Bruce MacCombie

Bruce MacCombie

Born: December 5th, 1943
Died: May 2nd, 2012
Country of origin: United States of America

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Profile

Mr. MacCombie composes polished gems of musical understatement. Characterized by a fresh and penetrating wit, they sparkle and yet are clothed in mystery. - The American Academy of Arts and Letters

Bruce MacCombie was born in Providence, Rhode Island in 1943. Self-taught in popular music, he played in various commercial bands, and in the early 1960’s he moved to Western Massachusetts and joined classmate Henry Fredericks, Jr. (aka Taj Mahal) as pianist in the blues band Taj Mahal and the Elektras. The group toured extensively on the East Coast until the mid-1960’s.

 

MacCombie first studied composition with Philip Bezanson at the University of Massachusetts, where he earned a B.A. in 1967 and an M.M in 1968. He also studied with Wolfgang Fortner at the Freiburg Conservatory and holds a Ph.D. in music from the University of Iowa. In 1975, after four years in Europe, he was appointed to the Music Theory faculty at Yale University and one year later was appointed to the Composition faculty at the Yale School of Music. While at Yale he coordinated an annual series of new music concerts and taught various seminars relating to 20th Century music literature.

 

In 1979, MacCombie was awarded one of the first Goddard Lieberson Fellowships by the American Academy of Arts and Letters. During the 1979 – 80 season, various works were presented by Composers Forum in New York, where Bernard Holland, writing in the New York Times, referred to MacCombie as “a deft and evocative craftsman.” Since then, his works have been commissioned by organizations such as the Brooklyn Philharmonic, the Seattle Symphony, the 20th Century Consort, the Jerome Foundation, and the International Guitar Foundation. Performances have been given at Carnegie Hall, the Seattle Opera House, the Kennedy Center, the Warsaw Autumn Festival, the Hong Kong Arts Festival, Alice Tully Hall, the Hirshhorn Museum, the Royal Academy of Music, and other venues and festivals throughout the U.S. and Europe.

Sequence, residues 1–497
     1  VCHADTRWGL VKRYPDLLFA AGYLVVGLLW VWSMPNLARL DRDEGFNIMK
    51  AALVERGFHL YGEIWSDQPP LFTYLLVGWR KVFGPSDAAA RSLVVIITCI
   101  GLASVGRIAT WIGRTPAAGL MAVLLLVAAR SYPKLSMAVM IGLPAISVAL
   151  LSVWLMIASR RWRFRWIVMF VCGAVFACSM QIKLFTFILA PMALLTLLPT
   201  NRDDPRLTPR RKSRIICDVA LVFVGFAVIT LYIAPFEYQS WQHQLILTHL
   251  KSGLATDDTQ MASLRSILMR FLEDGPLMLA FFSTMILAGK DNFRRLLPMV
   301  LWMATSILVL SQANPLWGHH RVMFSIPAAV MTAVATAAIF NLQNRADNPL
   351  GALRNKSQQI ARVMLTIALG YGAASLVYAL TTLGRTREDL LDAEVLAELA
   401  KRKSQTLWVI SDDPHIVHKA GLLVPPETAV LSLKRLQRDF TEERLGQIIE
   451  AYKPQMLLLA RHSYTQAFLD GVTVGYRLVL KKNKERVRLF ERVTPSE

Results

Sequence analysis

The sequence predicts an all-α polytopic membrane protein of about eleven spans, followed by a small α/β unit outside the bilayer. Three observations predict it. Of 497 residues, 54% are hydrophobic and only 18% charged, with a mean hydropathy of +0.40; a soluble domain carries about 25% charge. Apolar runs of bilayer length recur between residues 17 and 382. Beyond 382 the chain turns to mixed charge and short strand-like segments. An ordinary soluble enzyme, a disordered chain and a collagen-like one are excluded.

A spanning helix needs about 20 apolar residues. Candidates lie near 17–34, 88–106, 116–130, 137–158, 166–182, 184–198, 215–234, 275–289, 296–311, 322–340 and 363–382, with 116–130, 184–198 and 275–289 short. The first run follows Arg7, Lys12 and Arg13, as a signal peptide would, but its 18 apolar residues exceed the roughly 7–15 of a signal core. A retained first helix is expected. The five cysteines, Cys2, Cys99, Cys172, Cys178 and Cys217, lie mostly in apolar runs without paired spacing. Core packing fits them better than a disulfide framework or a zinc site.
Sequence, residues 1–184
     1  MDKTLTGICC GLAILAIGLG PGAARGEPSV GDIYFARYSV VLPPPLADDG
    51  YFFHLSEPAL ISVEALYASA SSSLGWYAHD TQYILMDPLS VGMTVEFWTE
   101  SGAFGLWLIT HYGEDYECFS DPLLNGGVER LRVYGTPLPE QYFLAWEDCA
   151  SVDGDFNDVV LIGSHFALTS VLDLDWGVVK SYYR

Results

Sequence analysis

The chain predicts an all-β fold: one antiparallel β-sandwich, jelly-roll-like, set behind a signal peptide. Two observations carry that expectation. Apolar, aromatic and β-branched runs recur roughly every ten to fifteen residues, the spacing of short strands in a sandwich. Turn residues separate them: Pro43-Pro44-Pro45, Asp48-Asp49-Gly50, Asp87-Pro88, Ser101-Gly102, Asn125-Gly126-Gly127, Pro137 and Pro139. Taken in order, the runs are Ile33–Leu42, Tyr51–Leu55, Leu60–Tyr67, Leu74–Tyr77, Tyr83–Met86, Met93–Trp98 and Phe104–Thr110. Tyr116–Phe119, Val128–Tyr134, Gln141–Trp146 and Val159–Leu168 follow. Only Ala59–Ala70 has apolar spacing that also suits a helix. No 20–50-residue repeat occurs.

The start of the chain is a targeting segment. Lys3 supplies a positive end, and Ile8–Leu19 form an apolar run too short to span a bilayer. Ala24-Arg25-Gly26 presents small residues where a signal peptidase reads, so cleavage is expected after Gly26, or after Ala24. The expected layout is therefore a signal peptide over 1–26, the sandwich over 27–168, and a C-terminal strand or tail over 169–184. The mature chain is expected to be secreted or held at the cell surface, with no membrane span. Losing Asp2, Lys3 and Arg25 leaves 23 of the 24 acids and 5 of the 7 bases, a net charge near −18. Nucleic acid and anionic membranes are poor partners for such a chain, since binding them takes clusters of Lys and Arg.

From 1980 to 1986 MacCombie served as Director of Publications for G.Schirmer and Associated Music Publishers, from 1986 to 1992 as Dean of The Juilliard School, from 1992 to 2001 as Dean of the School for the Arts at Boston University, and from 2002 as Professor of Music and Associate Dean of the College of Humanities and Fine Arts at the University of Massachusetts at Amherst, where he has also been awarded an Honorary Doctor of Fine Arts.

Recent works include Samsara Rounds, debuted by the Juilliard Orchestra and James DePreist in January, 2010 and Light Upon the Turning Leaf, premiered and commissioned by the Bridgehampton Chamber Music Festival in the summer of 2010.

In Spring, 2010, MacCombie was honored by the Yale School of Music with a Cultural Leadership Award for his distinguished accomplishments as a composer, administrator, and teacher, including his years of teaching at Yale from 1975 to 1980. Since 2010 MacCombie has been Professor Emeritus of Music at the University of Massachusetts and he lives in Amherst with his wife, painter Turi MacCombie.